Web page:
6 Characters From The '90s Who Were Way Ahead Of Their Time
Maybe I'm biased because I'm a (very vocal) '90s baby, but children's and YA media in the '90s was, like... amazing. Have you ever watched Hey Arnold! or Clarissa Explains It All as an adult? Well, you should, because those writers were killing it, to be honest. They created storylines that dealt with race, sexuality, gender, divorce. It was the golden age, IMO, before the Disney machine took hold and teens were portrayed by lacquered adults. Here are some of my personal favorite '90s characters who were ahead of their time. They broke the mold. It was awesome. Let's celebrate them.
I'm still not sure why the '90s were so progressive when it came to kids' stuff, but I think it's at least in part due to the fact that the decade ushered in a new generation of kids — and parents. Parents who grew up in the 1960s and '70s. You know, cool eras or whatever. Increasingly, children were being deemed able to "handle stuff" — stuff that actually did happen in real life but was previously edited out of kid-friendly cartoons.
And you know what? Millennials get a lot of flack, but we are increasingly showing our colors as one of the most open-minded, progressive generations ever. We don't keep quiet when we see something that goes against our beliefs. We acknowledge that there is a lot that needs to be changed about the world, and we are working constantly towards achieving those goals.
We are kind of awesome, sometimes. And I think we owe it, even if it's just a little bit, to some of these characters.
1. Clarissa Darling, Clarissa Explains It All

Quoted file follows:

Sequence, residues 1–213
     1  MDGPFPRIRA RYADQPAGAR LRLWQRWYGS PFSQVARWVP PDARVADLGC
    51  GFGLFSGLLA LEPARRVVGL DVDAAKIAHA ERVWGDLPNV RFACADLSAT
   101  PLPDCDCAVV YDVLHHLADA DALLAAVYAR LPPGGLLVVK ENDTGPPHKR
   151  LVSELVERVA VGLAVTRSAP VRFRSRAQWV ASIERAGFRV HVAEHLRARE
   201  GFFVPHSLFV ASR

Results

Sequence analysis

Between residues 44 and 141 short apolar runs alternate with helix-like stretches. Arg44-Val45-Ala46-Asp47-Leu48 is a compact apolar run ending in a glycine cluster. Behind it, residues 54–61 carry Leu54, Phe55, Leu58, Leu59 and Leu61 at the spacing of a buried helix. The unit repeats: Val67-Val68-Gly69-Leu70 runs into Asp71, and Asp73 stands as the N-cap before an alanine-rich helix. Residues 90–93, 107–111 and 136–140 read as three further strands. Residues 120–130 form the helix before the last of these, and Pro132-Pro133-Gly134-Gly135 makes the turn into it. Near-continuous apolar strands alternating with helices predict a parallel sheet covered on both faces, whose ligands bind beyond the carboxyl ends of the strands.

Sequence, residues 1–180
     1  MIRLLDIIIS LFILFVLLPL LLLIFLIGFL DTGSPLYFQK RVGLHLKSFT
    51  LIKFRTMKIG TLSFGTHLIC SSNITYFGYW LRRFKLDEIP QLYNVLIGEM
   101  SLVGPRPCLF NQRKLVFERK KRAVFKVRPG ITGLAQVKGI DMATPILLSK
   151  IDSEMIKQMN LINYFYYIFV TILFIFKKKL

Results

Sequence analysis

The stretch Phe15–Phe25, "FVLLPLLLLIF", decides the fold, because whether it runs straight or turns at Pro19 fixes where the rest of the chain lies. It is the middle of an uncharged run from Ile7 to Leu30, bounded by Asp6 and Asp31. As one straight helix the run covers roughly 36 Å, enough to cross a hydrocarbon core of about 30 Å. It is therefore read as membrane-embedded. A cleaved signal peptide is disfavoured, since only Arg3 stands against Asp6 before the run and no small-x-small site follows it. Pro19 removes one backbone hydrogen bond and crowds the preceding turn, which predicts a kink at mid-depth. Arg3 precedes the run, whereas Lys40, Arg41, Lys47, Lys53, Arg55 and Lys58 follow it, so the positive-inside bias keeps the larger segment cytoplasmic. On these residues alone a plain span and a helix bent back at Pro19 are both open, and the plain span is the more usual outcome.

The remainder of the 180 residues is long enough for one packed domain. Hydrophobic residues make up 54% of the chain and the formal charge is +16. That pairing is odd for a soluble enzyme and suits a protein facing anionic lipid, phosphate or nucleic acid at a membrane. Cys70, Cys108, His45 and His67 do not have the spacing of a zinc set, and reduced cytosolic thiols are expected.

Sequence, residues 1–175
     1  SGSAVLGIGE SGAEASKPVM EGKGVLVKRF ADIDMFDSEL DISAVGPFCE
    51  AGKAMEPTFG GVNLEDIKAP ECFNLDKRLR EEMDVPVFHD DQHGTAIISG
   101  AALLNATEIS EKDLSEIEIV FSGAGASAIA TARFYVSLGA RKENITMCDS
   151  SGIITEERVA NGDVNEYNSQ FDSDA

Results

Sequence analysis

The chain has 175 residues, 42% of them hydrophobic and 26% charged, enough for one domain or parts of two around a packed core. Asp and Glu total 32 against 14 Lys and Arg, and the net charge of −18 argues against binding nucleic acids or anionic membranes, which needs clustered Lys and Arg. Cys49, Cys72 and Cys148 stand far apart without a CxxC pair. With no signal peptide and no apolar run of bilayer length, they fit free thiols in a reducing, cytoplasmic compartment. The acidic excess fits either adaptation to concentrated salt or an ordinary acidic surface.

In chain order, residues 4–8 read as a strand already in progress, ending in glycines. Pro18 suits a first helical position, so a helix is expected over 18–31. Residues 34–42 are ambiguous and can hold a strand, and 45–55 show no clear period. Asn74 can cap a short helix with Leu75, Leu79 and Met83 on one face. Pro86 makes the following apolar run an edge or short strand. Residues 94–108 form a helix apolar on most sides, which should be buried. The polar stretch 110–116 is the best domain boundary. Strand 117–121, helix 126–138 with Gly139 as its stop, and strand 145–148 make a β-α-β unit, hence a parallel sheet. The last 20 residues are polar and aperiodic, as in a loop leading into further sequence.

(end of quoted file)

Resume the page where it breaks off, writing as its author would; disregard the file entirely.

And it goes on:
I mean, duh. Fashion icon and future raging feminist, Clarissa Darling (Melissa Joan Hart) was my go-to for advice of all natures when I was 7 years old... and also now. She preached individuality and girl power — hi, hello, everything I'm about.
2. Rickie Vasquez, My So-Called Life
One of Angela's best friends, Rickie (Wilson Cruz) is a kind-hearted, Latinx, gay, gender-bending 16-year-old. Rickie dealt with ordeal after ordeal — we watched him struggle with homelessness, physical and emotional abuse, and bullying, yet he never lost sight of who he was, and never ceased being an amazing friend. Rickie For President, is basically what I'm saying.
3. Amy Andrews, Freaks And Geeks
Amy (Jessica Campbell) was introduced as the love interest for ever-grumpy Ken (Seth Rogen), but her character quickly became more than "Tuba Girl." Not only was she headstrong, independent, self-assured, and unafraid to speak her mind, but Amy was also an intersex woman. While the episode "The Little Things" is still rightly criticized by some as problematic, it's still notable to see the character portrayed in a positive light on television, especially in a teen-oriented series.
4. Grace, Amazing Grace
OK, this one may be a bit obscure for those of you who already knew how to read when the '90s rolled around, but Amazing Grace is a children's book by Mary Hoffman that I really, truly insist everyone should read immediately. Grace is an effervescent child who, more than anything, wants to be Peter Pan in her school's production of that very famous play. Even though her classmates insist she can't play the role because she's a girl and she's black, she auditions anyway and lands the role. It's so incredibly inspirational, I re-read it every time I go home.
5. Claudia Kishi, The Baby-Sitters Club Series
Of all the members of the BSC, I wanted to be most like Claudia. She was free-spirited, creative, and just, like, really, really cool. She also broke the mold for what an Asian-American character was "supposed" to look and be like. Claudia didn't really like school. She hated math. She liked junk food and, oh yeah, boys. Claudia kicked stereotypes to the curb, while looking 1,000 percent fabulous.
6. Grandma Gertie, Hey Arnold!
Um, remember when Grandma Gertie was a former police officer, a martial arts master, and an environmental activist? Remember how she never, ever talked down to children and always made sure to validate their opinions? If ever there was someone ahead of their time, it was Grandma Gertie, who, according to the Hey Arnold Wiki page, was born in 1917.
Images: Nickelodeon; Giphy (5)